Editorial: Tsunami cleanup readiness crucial

As potentially dangerous debris from Japan's tsumani washes up on B.C.'s shore, the need for a plan grows more pressing.

Coastal authorities in B.C., including those in the Capital Region, have long been putting together tsunami and earthquake preparedness plans.

But the need is growing greater for the three levels of government to have a definite plan in place to deal with potentially environmentally dangerous debris from last year’s earthquake and tsunami in Japan washing up on B.C. coastlines.

Items ripped apart by the powerful waves, much of them covered with sea life that could threaten native species, have for months been arriving on the western shorelines of Vancouver Island and Haida Gwaii. Residents and others concerned about threats to the pristine nature of coastal areas have been doing their best to remove the material.

No one knows, given the unpredictable nature of ocean currents, just how much flotsam will reach B.C. shores in the coming months and years. But enough has arrived already to inform provincial and federal authorities of the extent of the problem.

The province is in a “fact-gathering stage” on the issue, said Environment Minister Terry Lake, who last week toured Haida Gwaii. His comments that any cleanup plan must be a joint effort between local, provincial and federal governments and First Nations make sense, but indicate the province is not willing to take the lead on tackling this problem.

When a Harley-Davidson motorcycle in a packing crate washed up on a Haida Gwaii beach in April, and its owner, who had lost three family members and his home in the disaster, was located, it was a bittersweet story. But the washing ashore of a 20-metre concrete and steel dock in Oregon on June 6 was a further sign that the worst is likely yet to come.

This week’s shockingly low cleanup grant of $50,000 from the U.S. National Oceanic and Atmospheric Administration, for each of the five states affected, shows how low this issue is on that government’s priority list.

We hope our federal government, already showing a similar lack of respect for the environment through budget cuts, does not take a similar tack by downplaying this serious issue.

Just Posted

At the age of 95, local bowler shows no signs of slowing down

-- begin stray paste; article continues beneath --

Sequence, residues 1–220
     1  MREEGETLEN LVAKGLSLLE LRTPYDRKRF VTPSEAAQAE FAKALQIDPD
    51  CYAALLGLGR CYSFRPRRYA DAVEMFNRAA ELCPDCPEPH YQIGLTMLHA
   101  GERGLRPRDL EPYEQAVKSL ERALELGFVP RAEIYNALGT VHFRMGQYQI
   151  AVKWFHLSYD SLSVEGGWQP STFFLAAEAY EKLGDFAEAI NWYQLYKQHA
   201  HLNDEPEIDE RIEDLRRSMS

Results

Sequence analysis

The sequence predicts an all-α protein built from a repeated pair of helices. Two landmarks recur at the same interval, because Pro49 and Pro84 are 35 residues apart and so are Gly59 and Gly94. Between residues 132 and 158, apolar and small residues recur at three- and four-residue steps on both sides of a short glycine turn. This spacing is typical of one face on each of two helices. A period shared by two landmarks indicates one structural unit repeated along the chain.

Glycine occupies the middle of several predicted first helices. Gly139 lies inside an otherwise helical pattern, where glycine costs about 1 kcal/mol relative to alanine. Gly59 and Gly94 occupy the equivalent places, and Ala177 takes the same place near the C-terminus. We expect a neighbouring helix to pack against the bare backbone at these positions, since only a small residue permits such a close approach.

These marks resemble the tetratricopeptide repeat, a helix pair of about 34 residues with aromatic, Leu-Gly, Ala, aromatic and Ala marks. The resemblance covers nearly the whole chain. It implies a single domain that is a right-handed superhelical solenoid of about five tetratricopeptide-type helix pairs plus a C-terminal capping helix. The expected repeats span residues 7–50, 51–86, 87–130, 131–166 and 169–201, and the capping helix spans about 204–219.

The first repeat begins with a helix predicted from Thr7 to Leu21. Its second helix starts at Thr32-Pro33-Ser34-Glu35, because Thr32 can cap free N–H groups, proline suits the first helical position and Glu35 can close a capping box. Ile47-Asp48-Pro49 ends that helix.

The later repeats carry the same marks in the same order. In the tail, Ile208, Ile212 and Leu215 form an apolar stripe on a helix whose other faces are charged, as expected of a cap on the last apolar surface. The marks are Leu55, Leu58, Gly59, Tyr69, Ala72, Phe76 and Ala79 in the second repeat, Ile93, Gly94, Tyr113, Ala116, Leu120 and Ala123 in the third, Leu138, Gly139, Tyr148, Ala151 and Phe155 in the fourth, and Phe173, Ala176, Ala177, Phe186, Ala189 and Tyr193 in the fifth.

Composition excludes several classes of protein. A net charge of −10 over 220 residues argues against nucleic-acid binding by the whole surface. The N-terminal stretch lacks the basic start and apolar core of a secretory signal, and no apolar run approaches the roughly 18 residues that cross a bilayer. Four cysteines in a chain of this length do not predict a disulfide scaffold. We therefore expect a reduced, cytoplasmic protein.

Olive Olmsted has bowled for more than 55 years

Colwood wins Victoria Flower Count for a five-peat

The 43rd annual Flower Count had over three billion blossoms counted in total

Royal Bay junior boys bring back lacrosse banner

The Ravens sent three teams to the provincial championships

Langford fundraiser for kidney disease is a success

Maureen Hobbs thinks B.C. Transplant says it best: “Live life. Pass it on.”

Preschool group helps release fish into Glen Lake

The number of fish released correlates to the number of fish caught per year

REPLAY: B.C. this week in video

In case you missed it, here’s a look at replay-worthy highlights from across the province this week

Anti-pipeline protestors block Kinder Morgan tanker near Seattle

Protest was spurred on by the 28 anti-Kinder Morgan activists arrested in Burnaby

Women’s Expo seeks to empower women this weekend

Victoria Women’s Expo set for Saturday and Sunday at Pearkes Recreation Centre

Mount Douglas Mathletes enjoying success by the numbers

Saanich Grade 9s walk away with top five spots in Island math competition

B.C. cyclist races to first win of the season in New Zealand

Casey Brown captures Enduro title by more than two minutes at Crankworx Rotorua

Notorious Russian troll farm also took swipes at Canadian targets

Targets included oil infrastructure and Prime Minister Justin Trudeau.

Cirque du Soleil aerialist dies after fall during Florida show

Longtime performer fell while performing in VOLTA

Some surprises in new book about B.C. labour movement

“On the Line” charts history of the union movement back to the 1800s

Canada earns second Paralympic Games silver in 20 years

Held 1-0 lead in para hockey game from 12:06 of first to dying seconds of third and lost in overtime

Most Read